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Aaron Fischer, assistant professor of school psychology, observes, interacts, engages and intervenes in rural classrooms through telepresence technology.

By Jana Cunningham

From his office in the Beverly Taylor Sorenson Arts and Education Complex, Aaron Fischer, assistant professor of school psychology, works with teachers, administrators and young students more than 300 miles away at Crimson View Elementary in St. George, Utah. He’s not using Skype or FaceTime, and he is not on a conference call, he’s interacting through a robot that resembles an iPad on a small Segway located inside the classroom.

Known as telepresence technology, it allows Fischer to observe, interact, engage and intervene as if he were actually there in-person. He can steer the device to follow teachers around the classroom and adjust to eye level to speak to students, making him an active participant in the classroom. Importantly, it is FERPA and HIPPA compliant unlike many other teleconferencing systems.

“This technology is especially important for rural schools because students in those areas typically have difficulty accessing specialized service providers including school psychologist and behavior analysts,” said Fischer. “This technology provides access to services that are much needed, particularly for students and teachers in special education.”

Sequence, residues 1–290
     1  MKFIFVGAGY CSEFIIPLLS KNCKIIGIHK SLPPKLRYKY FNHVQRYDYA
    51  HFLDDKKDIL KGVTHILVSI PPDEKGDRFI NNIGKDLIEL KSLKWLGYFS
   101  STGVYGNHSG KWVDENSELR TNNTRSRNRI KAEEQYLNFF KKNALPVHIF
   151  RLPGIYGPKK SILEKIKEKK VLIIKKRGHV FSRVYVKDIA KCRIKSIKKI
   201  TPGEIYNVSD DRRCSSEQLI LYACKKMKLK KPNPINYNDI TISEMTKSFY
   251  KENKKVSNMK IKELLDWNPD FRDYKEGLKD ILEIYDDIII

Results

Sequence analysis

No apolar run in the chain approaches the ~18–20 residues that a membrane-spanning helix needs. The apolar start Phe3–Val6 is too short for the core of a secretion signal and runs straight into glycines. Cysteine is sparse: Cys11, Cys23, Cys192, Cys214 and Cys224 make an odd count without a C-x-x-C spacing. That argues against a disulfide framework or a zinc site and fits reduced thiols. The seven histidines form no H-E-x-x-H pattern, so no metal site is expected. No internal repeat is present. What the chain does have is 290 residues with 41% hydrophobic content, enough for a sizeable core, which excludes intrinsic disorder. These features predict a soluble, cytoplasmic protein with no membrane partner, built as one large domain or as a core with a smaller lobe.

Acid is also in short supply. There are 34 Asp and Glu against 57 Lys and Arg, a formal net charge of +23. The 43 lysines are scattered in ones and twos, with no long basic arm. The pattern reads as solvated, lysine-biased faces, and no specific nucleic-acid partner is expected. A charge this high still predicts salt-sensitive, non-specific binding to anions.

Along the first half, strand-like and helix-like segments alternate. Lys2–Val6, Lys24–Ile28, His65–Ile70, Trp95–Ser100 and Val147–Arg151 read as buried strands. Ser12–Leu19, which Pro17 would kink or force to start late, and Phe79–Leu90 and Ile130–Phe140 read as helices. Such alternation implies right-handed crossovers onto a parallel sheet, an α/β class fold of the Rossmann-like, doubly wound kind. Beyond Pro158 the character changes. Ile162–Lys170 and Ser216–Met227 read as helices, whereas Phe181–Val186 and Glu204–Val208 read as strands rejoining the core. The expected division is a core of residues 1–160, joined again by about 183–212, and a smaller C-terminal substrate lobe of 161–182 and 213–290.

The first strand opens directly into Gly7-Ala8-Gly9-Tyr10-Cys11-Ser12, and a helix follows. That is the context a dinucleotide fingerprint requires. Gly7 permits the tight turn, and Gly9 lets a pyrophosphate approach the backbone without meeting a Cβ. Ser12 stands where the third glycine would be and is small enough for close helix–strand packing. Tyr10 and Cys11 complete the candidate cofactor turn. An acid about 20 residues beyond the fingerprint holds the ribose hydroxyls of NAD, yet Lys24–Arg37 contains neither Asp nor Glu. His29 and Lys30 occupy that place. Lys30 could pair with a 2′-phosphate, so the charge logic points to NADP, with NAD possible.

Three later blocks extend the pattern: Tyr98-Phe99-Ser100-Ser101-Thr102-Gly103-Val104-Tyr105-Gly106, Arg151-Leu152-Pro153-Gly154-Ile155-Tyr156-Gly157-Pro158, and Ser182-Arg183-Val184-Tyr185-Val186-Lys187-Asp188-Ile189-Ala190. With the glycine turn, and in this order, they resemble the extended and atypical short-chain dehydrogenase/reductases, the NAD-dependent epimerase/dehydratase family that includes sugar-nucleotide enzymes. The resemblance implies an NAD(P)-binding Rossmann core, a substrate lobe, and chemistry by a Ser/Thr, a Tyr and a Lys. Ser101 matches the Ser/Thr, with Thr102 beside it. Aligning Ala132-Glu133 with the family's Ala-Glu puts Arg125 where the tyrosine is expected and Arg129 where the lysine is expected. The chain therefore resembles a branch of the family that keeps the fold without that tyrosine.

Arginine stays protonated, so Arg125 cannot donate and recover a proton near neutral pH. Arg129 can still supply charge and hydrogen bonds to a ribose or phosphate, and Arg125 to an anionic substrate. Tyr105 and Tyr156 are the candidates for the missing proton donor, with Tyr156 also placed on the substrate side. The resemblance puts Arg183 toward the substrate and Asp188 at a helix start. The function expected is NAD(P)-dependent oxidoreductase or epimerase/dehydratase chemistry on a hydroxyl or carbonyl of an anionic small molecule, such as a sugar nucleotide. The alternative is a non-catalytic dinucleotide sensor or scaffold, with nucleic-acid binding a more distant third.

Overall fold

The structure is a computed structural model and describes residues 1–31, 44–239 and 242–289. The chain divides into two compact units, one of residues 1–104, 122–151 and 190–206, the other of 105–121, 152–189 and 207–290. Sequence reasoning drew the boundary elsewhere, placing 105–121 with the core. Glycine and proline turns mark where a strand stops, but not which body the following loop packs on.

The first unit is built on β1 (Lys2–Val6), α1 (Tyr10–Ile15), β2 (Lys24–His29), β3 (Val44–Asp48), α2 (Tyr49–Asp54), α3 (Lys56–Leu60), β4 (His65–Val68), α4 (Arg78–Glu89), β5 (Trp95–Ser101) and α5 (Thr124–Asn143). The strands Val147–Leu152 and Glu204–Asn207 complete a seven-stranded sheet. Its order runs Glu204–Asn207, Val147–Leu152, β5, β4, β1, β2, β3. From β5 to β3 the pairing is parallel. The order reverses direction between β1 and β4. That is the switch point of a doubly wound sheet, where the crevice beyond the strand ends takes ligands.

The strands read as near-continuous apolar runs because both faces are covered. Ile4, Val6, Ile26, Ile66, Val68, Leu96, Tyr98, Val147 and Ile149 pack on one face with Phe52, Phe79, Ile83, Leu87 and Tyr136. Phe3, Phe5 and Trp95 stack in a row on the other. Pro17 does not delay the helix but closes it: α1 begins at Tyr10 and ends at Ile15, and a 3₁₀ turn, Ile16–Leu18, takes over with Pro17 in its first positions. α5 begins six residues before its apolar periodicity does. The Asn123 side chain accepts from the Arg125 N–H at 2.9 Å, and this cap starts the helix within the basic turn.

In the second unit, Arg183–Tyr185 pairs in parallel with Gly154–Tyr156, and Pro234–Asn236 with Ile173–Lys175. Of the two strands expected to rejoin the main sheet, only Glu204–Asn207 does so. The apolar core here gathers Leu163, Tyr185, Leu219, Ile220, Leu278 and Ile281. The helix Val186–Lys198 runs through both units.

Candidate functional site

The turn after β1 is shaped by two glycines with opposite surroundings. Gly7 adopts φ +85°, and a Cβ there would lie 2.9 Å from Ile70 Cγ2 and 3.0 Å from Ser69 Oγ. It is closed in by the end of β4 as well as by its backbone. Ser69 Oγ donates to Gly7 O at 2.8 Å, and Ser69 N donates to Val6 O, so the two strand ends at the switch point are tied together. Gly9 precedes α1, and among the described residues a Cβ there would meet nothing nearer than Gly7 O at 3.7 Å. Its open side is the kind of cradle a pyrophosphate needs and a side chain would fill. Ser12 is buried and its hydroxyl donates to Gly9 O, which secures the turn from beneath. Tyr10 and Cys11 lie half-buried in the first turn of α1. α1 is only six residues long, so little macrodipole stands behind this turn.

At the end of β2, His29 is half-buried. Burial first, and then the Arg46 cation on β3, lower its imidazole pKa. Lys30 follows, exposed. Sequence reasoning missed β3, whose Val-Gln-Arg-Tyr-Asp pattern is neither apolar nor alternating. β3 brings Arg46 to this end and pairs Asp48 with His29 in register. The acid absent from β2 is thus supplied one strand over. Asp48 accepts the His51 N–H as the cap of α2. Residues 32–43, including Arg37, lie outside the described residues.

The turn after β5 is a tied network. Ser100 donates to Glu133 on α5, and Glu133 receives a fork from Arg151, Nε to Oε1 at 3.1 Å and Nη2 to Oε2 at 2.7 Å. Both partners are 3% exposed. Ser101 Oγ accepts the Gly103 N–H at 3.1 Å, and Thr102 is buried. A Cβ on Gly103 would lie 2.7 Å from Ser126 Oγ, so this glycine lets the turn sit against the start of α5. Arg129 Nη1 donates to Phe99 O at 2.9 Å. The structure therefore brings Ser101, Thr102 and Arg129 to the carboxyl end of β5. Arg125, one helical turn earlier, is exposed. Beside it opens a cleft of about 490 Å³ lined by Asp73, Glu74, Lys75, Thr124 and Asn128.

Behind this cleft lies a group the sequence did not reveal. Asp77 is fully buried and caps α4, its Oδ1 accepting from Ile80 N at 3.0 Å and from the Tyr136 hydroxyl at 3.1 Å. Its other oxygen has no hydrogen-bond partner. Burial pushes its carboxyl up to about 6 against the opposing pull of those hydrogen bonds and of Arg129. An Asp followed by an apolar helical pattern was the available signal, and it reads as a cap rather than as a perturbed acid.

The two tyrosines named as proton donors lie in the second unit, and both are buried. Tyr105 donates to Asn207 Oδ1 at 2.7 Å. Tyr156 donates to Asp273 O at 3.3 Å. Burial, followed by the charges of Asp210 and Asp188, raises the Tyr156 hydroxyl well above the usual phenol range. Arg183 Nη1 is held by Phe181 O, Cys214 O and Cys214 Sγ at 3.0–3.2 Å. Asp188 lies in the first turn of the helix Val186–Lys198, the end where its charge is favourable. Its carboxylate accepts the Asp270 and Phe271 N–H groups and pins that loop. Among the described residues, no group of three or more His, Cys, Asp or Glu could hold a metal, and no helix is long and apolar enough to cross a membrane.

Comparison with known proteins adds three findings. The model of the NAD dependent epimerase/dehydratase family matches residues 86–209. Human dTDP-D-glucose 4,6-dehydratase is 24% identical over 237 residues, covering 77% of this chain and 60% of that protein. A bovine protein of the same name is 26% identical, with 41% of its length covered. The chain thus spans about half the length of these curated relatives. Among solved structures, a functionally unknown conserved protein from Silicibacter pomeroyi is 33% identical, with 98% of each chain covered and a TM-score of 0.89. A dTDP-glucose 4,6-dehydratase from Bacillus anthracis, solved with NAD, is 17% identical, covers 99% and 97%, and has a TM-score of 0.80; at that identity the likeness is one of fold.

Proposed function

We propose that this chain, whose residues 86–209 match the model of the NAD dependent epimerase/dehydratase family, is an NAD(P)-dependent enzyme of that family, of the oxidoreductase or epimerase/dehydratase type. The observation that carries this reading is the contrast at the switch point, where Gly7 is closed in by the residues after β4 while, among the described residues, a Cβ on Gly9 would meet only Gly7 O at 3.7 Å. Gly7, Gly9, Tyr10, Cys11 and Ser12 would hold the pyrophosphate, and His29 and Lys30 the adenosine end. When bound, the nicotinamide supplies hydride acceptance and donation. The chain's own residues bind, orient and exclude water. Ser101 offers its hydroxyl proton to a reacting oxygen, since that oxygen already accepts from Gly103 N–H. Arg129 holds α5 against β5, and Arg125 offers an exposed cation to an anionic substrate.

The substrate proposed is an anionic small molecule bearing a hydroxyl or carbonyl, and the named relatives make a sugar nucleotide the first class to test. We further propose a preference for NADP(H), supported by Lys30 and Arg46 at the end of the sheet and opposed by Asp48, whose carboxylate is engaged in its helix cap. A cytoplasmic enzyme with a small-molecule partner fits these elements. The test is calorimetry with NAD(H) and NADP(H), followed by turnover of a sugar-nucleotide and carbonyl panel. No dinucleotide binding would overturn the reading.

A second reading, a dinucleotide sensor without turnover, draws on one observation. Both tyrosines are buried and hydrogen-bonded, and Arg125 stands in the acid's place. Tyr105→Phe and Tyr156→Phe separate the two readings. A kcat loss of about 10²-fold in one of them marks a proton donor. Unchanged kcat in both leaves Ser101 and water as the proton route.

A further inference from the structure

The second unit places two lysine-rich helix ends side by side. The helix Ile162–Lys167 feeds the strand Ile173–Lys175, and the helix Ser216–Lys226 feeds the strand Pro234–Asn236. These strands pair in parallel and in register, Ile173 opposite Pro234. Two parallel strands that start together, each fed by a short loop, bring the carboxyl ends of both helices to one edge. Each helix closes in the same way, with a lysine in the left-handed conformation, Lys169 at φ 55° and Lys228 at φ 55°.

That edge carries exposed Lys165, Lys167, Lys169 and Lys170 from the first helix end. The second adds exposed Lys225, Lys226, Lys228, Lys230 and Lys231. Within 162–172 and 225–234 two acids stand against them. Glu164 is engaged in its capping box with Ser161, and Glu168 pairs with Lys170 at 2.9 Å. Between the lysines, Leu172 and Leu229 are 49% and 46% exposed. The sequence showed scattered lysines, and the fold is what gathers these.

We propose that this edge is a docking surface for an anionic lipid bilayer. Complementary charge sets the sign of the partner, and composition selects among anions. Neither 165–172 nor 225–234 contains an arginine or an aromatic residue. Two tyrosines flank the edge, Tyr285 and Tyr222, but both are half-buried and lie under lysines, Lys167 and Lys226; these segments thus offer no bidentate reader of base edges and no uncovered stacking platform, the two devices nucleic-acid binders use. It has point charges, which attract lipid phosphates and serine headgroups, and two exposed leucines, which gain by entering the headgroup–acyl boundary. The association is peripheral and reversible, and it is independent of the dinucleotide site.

Fischer has been researching how well this type of technology works in a classroom. He and his graduate students have been assessing behavior problems, teaching educators to implement evidence-based interventions and working with parents to improve child behavior in the home setting to create consistency between home and school.

“We found that we have been able to improve academic skills and behavior in students with disabilities by using this technology and could get the same outcomes as if we were in the classroom,” said Fischer.

Before this technology, a psychologist would have to travel to and from St. George to meet with teachers and a majority of the interaction was over email. Now teachers can get expert advice and make changes with students quicker because they get immediate feedback.

“Teachers have told us they feel supported and are grateful to have the expertise the consultative service provides. They also like interacting through the robots, which allows them to feel like the consultant is in the classroom with them, experiencing the student behavior as they do” added Fischer.

Fischer, his graduate students and other members of the U-TTEC lab plan to expand the program to Alpine, Canyons and Garfield school districts next year and more schools in Washington County School District.

Jana Cunningham is a communications specialist at University Marketing and Communications. If you have an interesting story idea, email her at